We’ve all heard of the robot Sophia. “A genius machine whose features evolve over time, with intelligence continually increasing…”, as stated by the developer. Due to being designed to be able to give real-time answers, Sophia has many times caused controversy, even frightening many people when threatening to destroy humanity. There was even a time when “she” even demanded the right to be a “mother”. Many people think that Sophia is a proof that technology can develop so strongly that it creates artificial intelligence that surpasses both human intelligence and control.
However, Sophia or all other robots must operate according to the programs of their creators. But a new product of the MIT Institute (USA), called Cheetah mini, seems to have exceeded that limit. It learns, learns from experience to find the best way to run and allows to adapt to different terrains, without relying on human analysis.
Cheetah mini robot is an improved version of its brother Cheetah launched in 2012, once possessing the ability to reach a maximum speed of 45.5 km / h. But the mini Cheetah with the support of the AI system can become more agile thanks to its ability to learn on its own without experimentation.
Running on all terrain at high speed, this four-legged “robotic leopard” is sure to make you jump.
In a newly released video, the four-legged robot can be seen crashing into barriers and getting up on its own, running over obstacles, running with one leg not working, and its ability to adapt to different terrains. slippery, icy terrain as well as rocky hills. This high adaptability is due to a simple neural network that can make judgments about real-life situations.
Typically, the way a robot moves is controlled by a data-driven system that analyzes how the mechanical limbs move, thereby creating models that serve as guides. However, these models are often ineffective and appropriate because it is not possible to anticipate every situation that occurs in reality.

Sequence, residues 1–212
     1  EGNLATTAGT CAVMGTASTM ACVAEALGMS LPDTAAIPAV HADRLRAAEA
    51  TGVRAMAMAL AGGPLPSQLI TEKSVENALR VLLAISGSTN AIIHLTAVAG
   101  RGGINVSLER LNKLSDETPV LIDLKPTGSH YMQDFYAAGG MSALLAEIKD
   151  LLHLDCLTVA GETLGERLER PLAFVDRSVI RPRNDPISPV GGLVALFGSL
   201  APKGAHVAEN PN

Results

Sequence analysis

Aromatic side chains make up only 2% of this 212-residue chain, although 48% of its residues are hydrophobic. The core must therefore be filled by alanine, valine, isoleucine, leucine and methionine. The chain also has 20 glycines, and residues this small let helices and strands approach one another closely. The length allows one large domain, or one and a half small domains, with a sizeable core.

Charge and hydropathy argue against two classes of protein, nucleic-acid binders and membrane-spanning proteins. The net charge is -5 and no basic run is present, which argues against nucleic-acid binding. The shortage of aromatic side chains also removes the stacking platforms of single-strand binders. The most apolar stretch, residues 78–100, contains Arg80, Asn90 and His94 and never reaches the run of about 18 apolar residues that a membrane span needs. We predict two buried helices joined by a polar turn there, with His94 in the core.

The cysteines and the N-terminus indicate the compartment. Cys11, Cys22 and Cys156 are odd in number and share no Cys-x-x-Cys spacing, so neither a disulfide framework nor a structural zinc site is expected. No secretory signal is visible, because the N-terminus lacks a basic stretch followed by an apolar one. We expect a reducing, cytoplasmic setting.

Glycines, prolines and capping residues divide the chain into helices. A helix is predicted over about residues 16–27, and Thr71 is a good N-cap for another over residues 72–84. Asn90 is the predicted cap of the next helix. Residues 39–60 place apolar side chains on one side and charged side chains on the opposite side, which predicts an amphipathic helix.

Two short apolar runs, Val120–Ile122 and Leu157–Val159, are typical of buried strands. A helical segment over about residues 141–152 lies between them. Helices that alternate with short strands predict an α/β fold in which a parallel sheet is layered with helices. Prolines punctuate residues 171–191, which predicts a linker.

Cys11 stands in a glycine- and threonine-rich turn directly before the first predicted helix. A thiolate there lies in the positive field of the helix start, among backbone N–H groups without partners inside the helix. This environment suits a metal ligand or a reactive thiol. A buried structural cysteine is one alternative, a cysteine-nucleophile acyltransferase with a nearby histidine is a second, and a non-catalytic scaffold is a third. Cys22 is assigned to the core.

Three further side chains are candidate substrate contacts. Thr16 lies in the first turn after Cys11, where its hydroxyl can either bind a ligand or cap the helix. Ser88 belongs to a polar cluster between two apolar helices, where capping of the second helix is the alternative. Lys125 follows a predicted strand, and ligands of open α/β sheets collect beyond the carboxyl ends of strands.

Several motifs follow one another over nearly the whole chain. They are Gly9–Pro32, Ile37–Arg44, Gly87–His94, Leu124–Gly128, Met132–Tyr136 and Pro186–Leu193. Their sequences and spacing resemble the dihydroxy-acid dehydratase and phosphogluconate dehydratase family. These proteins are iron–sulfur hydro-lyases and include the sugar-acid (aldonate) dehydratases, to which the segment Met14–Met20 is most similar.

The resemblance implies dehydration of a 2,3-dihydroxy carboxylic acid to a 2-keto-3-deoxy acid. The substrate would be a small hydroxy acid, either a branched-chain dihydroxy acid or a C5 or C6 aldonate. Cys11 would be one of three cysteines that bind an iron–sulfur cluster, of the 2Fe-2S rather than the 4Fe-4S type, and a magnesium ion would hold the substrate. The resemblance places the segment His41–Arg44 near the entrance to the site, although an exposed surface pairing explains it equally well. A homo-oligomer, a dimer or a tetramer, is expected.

When the robot is running at top speed, its hardware limitations make it very difficult for the system to model, so they often have difficulty adapting quickly to sudden changes in the environment. To overcome this, instead of relying on ready-made analytical designs, the MIT development team chose to build a robot capable of self-learning by drawing from experience.
Specifically, it will learn, try and learn from mistakes without human intervention. If it accumulates enough experience on different terrains, it can change the way it moves to improve its behavior. And this experience doesn’t even have to take place in the real world. According to the team, using simulation, the mini Cheetah can accumulate 100 days of experience in just three hours while standing still.
“We have developed an approach whereby robot behavior is improved from simulated experience. And our approach allows for successful implementation of learned behaviors in the real world,” said the research team. “In all the environments it sees in this simulator, when operating in the real world, the controller will identify and execute relevant skills in real time.”
The previous high speed record was set by the biomimetic robotics lab at MIT in 2019, when the robot achieved a maximum running speed of 3.7m/s. The new mini Cheetah robot has reached a speed of more than 3.9m/s (equivalent to 14.04 km/h).
“A more practical way to build a robot with a variety of skills is to tell the robot what to do and let it figure out how to do it.” said the research team. “Our system is an example of this. In the lab, we’ve already started applying this model to other robotic systems, including hands that can hold and manipulate multiple objects. different.”
MIT researchers explain that it is quite difficult to program a robot to run on rough terrain.
But with a system like this, they claim that it is possible to scale the technology, something that traditional models cannot do.
Mini Cheetah robot (left) and a real dog (right).
The results of this study, as well as other animal simulation robot studies, will benefit both biology and robotics. In addition to bringing new knowledge, if robots can replace animals in the future, they will give more scientists the opportunity to study the motor mechanisms of animals under different experimental conditions. Determining the structure of a robot to closely resemble that of an animal will lead to the development of fundamental technologies to build robots that can move and maneuver as efficiently as animals.
Refer New Atlas and MailOnline
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